The commission created to investigate Luzerne County’s “cash for kids” judicial scandal says the county experienced “a collapse of the rule of law,” and that everyone from judges to lawyers to the general community shares part of the blame.
The Interbranch Commission on Juvenile Justice’s final report says what happened in Luzerne County, where two judges allegedly shuffled juvenile offenders into privately-held detention centers in exchange for millions of dollars in kickbacks, was an isolated incident.
Chairman John Cleland says no one including defense attorneys, prosecutors, police or probation officers stepped up to challenge or report what Judges Mark Ciavarella or Michael Conahan were doing.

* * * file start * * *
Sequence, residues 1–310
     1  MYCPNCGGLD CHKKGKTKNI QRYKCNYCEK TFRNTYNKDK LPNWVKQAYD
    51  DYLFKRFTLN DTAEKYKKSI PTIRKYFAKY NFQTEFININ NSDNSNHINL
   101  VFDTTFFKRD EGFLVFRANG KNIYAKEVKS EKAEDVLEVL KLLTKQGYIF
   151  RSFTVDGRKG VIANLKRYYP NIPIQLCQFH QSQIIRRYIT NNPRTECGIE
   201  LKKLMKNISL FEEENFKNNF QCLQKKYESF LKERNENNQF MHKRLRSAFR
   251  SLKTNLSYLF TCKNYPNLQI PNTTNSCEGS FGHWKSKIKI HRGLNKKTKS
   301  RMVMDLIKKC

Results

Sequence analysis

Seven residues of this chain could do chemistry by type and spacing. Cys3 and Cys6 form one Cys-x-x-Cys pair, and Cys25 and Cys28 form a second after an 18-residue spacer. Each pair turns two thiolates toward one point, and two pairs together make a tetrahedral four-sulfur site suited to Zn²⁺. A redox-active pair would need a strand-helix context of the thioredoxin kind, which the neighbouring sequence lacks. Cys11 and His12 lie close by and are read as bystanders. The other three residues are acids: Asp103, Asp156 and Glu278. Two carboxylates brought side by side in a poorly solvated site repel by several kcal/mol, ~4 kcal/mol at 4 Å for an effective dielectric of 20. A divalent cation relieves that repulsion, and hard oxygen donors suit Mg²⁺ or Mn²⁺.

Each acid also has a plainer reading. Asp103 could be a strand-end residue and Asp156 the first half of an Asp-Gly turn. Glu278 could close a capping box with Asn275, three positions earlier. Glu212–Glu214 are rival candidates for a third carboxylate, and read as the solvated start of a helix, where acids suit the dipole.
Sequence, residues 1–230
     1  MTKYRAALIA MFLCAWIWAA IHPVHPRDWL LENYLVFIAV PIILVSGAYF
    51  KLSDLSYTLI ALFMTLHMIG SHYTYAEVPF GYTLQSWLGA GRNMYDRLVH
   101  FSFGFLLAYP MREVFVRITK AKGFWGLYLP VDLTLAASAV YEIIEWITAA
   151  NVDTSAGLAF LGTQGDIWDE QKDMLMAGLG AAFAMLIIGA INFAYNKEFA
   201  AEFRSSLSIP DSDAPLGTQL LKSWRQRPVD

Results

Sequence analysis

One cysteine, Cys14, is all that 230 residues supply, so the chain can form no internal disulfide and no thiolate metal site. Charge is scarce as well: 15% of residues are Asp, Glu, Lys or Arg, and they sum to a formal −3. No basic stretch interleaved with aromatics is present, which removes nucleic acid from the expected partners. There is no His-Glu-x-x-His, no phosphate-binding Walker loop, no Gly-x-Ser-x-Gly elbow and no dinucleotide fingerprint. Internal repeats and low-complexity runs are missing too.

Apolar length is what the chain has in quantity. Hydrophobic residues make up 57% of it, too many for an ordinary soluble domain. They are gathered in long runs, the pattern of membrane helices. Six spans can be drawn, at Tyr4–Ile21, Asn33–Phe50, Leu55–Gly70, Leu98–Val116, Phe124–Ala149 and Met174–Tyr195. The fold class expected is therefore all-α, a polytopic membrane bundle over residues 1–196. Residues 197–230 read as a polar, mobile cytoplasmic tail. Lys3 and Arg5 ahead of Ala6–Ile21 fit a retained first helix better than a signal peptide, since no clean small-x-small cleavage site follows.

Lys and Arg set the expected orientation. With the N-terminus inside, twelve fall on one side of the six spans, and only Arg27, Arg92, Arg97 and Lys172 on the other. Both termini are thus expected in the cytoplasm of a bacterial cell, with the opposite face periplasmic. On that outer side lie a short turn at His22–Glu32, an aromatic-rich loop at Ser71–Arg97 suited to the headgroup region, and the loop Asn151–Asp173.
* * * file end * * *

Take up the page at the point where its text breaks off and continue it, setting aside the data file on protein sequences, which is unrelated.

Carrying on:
"Now in other counties, there might be a breakdown in one or maybe two aspects of that. And the others would come into play and the system would right and balance itself. But it is astonishing to all of us, I think, the total collapse that we witnessed."
Cleland says some of the details were shocking.
"You have a situation where you have a seven—an 11-year-old little boy who owes 488 dollar in fines and costs. And the judge says, can you pay it? And he says no. and the response is, put handcuffs and shackles on him and get him out of here and put him in detention. And nobody in the courtroom said a word."
The Commission issued 43 recommendations, including making it more difficult for juvenile defendants to waive their right to counsel, and creating a statewide office to help families of defendants appeal sentences.
The report says judges and lawyers should receive more ethics training, and face stiffer penalties for ethical violations.